[0065] The optical substrate 74 may include an inorganic material, an organic polymeric material, and combinations thereof. The optical substrate 74 can be an ophthalmic substrate. Non limiting examples of organic materials suitable for use in forming ophthalmic substrates include, but are not limited to, the art-recognized polymers that are useful as ophthalmic substrates, such as organic optical resins that are used to prepare optically clear castings for optical applications, such as ophthalmic lenses.

[0066] Non- limiting examples of inorganic materials suitable for use in forming the optical substrate 74 include glasses, such as silica based glasses, minerals, ceramics, and metals. For example, the optical substrate 74 can include glass.

[0067] The photochromic optical element 68 includes one or more photochromic materials. For example, the photochromic material can comprise one or more non -thermally reversible photochromic compounds and/or one or more thermally reversible photochromic compounds and/or one or more photochromic-dichroic compounds. The photochromic material can be incorporated into the optical substrate and/or can be present in one or more coating layers formed over the optical substrate 74. For example, the photochromic material can be incorporated into a coating layer over the outer surface 76 or inner surface 78. In the illustrated example, the photochromic optical element 68 includes a photochromic layer 82 over at least a portion of the outer surface 76 of the optical substrate 74. The photochromic layer 82 may be optically clear (without a color hue), or it may have a desired color hue. The photochromic layer 82 optionally also can include a static dye.

[0068] The photochromic layer 82 may be formed over the entire surface, e.g., outer surface 76, of the optical substrate 74, or over at least a portion of the surface, e.g., outer surface 76, of the optical substrate 74. The photochromic layer 82 may be formed as a mixture of at least two coating compositions using an ultrasonic discharge nozzle of a coating apparatus.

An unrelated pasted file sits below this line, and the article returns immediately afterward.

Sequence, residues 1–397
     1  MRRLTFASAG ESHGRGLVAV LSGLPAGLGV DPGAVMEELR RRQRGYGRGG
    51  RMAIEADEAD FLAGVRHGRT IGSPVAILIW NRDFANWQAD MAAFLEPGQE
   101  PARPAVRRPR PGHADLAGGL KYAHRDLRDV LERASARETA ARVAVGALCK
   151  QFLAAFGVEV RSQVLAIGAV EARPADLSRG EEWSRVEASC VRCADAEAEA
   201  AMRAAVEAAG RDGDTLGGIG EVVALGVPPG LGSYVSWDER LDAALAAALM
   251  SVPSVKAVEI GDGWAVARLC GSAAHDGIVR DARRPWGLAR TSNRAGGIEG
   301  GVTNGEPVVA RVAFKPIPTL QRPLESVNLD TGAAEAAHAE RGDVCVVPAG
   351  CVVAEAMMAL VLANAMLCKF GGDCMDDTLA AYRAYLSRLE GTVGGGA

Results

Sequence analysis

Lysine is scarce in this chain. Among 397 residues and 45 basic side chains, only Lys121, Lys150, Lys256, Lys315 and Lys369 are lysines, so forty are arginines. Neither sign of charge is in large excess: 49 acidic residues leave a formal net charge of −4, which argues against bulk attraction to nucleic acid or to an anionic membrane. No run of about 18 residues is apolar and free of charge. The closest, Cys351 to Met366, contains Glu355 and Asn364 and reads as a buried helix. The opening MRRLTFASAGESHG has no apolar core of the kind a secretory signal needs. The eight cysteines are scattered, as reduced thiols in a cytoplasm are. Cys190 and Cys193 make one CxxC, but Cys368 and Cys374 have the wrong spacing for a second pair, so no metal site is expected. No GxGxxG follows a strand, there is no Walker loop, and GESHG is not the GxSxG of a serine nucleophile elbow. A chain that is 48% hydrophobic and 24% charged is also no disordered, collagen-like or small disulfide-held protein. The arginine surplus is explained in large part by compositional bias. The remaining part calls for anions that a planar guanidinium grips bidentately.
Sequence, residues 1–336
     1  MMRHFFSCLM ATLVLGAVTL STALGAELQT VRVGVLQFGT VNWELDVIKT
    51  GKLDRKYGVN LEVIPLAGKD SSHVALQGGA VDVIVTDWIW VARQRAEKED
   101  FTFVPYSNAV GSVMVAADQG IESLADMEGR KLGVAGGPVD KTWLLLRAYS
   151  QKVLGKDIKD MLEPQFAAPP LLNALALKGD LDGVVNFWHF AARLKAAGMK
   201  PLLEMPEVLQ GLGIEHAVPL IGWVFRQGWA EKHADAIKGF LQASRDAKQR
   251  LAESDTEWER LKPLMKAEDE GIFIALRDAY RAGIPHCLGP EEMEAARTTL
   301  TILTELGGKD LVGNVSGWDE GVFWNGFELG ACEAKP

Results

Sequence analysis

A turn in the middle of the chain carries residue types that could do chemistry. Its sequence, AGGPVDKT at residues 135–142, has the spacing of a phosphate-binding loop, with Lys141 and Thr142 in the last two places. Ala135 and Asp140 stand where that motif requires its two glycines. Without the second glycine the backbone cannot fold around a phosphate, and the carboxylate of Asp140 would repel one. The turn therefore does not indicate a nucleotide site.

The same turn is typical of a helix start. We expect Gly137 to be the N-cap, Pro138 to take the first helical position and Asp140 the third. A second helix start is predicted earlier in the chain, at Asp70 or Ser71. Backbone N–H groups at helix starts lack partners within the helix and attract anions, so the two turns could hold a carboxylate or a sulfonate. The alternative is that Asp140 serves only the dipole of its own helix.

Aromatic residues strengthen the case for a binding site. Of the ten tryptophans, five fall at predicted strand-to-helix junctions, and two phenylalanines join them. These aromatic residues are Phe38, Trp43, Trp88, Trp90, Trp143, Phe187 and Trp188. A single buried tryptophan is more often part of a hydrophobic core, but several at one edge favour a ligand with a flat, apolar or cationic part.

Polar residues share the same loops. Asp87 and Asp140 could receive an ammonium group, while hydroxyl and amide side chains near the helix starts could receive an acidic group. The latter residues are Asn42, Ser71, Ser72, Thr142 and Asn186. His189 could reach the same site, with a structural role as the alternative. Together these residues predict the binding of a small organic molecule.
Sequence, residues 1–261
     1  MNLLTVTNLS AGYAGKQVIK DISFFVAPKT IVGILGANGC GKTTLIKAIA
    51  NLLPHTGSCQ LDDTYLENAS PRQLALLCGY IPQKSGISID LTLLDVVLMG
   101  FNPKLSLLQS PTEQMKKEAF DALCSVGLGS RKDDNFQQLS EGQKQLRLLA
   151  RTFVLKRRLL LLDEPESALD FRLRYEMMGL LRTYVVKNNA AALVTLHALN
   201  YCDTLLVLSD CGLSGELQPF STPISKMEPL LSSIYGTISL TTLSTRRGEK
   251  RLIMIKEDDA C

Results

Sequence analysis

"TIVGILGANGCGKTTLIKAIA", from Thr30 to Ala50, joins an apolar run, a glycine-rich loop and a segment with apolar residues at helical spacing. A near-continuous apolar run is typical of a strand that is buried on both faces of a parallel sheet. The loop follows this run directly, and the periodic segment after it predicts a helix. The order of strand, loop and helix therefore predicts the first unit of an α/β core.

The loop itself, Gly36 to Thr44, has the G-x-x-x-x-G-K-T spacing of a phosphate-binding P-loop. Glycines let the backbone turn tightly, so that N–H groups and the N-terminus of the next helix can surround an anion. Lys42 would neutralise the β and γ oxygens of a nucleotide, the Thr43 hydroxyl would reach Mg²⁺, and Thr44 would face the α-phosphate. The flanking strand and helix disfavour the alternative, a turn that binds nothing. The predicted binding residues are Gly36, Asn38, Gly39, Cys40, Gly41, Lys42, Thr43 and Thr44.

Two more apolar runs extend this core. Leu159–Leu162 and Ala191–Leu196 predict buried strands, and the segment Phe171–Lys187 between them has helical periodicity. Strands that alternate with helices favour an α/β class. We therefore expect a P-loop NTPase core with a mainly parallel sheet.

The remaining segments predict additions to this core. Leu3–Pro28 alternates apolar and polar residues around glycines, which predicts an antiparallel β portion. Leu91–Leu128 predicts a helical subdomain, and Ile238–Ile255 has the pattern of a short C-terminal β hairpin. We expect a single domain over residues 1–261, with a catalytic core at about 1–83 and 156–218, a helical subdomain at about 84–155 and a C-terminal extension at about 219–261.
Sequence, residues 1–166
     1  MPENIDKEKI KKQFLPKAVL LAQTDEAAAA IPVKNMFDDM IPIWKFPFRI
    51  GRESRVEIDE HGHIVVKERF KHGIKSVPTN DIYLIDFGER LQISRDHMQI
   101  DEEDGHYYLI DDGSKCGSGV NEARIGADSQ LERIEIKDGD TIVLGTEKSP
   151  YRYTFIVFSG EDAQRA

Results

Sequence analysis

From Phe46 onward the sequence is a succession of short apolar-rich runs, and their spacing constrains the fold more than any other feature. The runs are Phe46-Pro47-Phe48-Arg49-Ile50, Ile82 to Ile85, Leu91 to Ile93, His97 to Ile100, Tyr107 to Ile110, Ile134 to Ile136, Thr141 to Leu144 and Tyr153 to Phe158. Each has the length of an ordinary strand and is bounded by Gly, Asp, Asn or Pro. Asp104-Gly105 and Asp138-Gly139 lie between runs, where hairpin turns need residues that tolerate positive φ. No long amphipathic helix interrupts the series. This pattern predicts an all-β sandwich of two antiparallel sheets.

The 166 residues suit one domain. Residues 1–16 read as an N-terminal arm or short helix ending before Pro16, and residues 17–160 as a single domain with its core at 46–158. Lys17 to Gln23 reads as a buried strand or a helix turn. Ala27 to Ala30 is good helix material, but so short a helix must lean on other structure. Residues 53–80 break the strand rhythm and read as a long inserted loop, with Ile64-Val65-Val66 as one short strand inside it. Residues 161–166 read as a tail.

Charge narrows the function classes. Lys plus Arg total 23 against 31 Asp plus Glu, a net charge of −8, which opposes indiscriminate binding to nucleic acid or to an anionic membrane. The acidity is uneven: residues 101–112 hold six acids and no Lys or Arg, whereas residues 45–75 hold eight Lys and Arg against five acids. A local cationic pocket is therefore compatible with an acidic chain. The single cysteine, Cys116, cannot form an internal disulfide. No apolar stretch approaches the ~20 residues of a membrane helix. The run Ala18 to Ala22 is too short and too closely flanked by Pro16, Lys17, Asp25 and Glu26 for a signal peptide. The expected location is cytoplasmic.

[0069] Coating compositions that can be used to form the photochromic layer 82 (and other coating layers discussed below) can include a curable resin composition and, optionally, a solvent. The coating compositions can be in the form of art-recognized liquid coating compositions and powder coating compositions. The coating compositions can be thermoplastic, radiation curable such as by ultraviolet radiation or electron beam, or thermosetting coating compositions. For example, the coating compositions can be selected from curable or thermosetting coating compositions.

[0070] Examples of curable resin compositions that can be used with the curable coating compositions include, but are not limited to, curable resin compositions that include an epoxide functional polymer, such as (meth)acrylic polymers containing residues of glycidyl (meth)acrylate, and an epoxide reactive crosslinking agent (e.g., containing active hydrogens, such as hydroxyls, thiols and amines); curable resin compositions that include active hydrogen functional polymer, such as hydroxy functional polymer, and capped (or blocked) isocyanate functional crosslinking agent; curable resin compositions that include active hydrogen functional polymer, such as hydroxy functional polymer, and melamine crosslinking agent; curable polysiloxane coating compositions; and radiation curable compositions that include acrylic functional monomers. Further examples of curable coating compositions are those described herein below as art- recognized hard coat materials. Other examples of coating compositions are disclosed in publications WO 2016/144333, particularly at paragraphs [0026]-[0040]; WO 2016/142496, particularly at paragraphs [0174]-[0193]; and WO 2016/144332, particularly at paragraphs [0018]- [0033]